Fed Cuts After All

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NEW YORK: The U.S. economy didn't need a rate cut -- but Alan Greenspan figured the rest of the world still did. "This wasn't aimed at the domestic economy," TIME senior economics correspondent Bernard Baumohl says of the Fed chairman's decision to cut short-term interest rates a quarter point for the third consecutive time. "This was an international cut." At home, unemployment is still low and economic fundamentals are still strong -- and foremost for the Fed chairman, inflation remains under control.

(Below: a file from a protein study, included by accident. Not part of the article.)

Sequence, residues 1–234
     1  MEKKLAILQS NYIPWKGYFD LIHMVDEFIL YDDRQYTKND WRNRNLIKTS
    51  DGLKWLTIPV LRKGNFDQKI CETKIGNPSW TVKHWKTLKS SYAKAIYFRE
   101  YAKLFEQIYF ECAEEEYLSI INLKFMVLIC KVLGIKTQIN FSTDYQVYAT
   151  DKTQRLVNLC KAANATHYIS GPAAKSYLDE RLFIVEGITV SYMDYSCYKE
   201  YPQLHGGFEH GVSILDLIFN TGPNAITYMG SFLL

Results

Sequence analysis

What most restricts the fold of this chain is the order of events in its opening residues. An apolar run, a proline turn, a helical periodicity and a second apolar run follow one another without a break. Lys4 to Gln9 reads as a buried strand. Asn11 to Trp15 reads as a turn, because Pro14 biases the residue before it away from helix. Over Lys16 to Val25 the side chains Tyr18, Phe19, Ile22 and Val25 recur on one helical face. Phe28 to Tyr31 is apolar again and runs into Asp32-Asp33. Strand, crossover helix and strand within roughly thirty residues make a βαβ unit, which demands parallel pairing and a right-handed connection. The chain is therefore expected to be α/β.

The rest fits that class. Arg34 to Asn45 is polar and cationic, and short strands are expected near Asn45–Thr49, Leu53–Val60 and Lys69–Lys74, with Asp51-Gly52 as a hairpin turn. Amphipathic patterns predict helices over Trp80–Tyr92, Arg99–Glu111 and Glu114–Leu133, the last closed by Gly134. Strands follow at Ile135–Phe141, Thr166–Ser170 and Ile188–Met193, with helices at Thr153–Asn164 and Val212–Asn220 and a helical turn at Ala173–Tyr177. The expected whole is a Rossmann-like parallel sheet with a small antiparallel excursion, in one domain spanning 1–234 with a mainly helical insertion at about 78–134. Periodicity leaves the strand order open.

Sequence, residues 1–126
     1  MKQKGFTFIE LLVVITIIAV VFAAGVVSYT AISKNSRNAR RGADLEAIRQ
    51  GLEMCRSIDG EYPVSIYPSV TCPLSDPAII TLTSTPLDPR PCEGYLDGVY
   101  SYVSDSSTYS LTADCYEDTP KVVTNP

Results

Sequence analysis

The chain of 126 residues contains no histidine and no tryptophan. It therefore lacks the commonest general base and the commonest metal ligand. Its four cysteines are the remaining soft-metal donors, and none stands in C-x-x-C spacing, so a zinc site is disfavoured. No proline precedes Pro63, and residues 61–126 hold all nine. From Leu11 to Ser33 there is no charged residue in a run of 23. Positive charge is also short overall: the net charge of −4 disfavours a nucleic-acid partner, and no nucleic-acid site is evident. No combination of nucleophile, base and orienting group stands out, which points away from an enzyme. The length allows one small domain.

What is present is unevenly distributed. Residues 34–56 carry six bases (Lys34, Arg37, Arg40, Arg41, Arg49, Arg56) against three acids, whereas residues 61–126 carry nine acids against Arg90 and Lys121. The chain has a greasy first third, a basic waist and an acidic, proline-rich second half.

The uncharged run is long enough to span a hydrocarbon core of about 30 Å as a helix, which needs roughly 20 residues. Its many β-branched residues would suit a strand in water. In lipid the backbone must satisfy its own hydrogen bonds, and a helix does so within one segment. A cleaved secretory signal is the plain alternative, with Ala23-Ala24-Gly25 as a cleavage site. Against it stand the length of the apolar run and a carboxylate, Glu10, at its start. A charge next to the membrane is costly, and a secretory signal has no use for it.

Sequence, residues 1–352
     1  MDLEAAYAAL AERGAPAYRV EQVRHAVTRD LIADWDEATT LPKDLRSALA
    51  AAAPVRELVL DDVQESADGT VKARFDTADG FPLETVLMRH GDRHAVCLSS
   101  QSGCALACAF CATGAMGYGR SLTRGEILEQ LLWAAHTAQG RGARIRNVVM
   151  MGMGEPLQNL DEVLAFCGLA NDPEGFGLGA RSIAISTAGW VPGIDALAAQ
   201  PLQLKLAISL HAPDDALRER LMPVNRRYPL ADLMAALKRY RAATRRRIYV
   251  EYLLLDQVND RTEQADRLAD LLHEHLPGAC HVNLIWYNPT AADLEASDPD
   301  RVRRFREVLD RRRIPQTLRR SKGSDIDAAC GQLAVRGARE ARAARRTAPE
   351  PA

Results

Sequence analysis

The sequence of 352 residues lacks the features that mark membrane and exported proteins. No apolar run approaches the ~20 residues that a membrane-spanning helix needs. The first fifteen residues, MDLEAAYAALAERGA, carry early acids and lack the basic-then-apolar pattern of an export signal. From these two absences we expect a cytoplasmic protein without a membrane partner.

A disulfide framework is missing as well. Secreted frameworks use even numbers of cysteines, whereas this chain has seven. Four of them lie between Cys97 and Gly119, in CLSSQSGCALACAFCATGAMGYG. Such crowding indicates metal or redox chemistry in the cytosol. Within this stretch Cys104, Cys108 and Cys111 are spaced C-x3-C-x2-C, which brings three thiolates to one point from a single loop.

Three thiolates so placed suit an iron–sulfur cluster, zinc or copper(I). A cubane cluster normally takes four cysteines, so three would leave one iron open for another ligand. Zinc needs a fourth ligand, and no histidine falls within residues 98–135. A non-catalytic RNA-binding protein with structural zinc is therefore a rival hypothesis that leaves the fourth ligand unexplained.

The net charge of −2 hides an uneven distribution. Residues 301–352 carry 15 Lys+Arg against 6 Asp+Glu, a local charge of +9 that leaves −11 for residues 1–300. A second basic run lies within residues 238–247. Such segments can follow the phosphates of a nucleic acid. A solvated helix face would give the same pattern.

"There's no way Greenspan would do this if he was still worried about that," says Baumohl. "He obviously thinks the U.S. can absorb another rate cut without overheating." Asia and its fellow patients, however, evidently needed another cash injection. Japan and Brazil have both embarked on huge government-led recovery programs, and their currencies could use the boost that a U.S. cut provides. And when the Fed cuts, says Baumohl, "the central banks in Europe will likely cut too." You're welcome.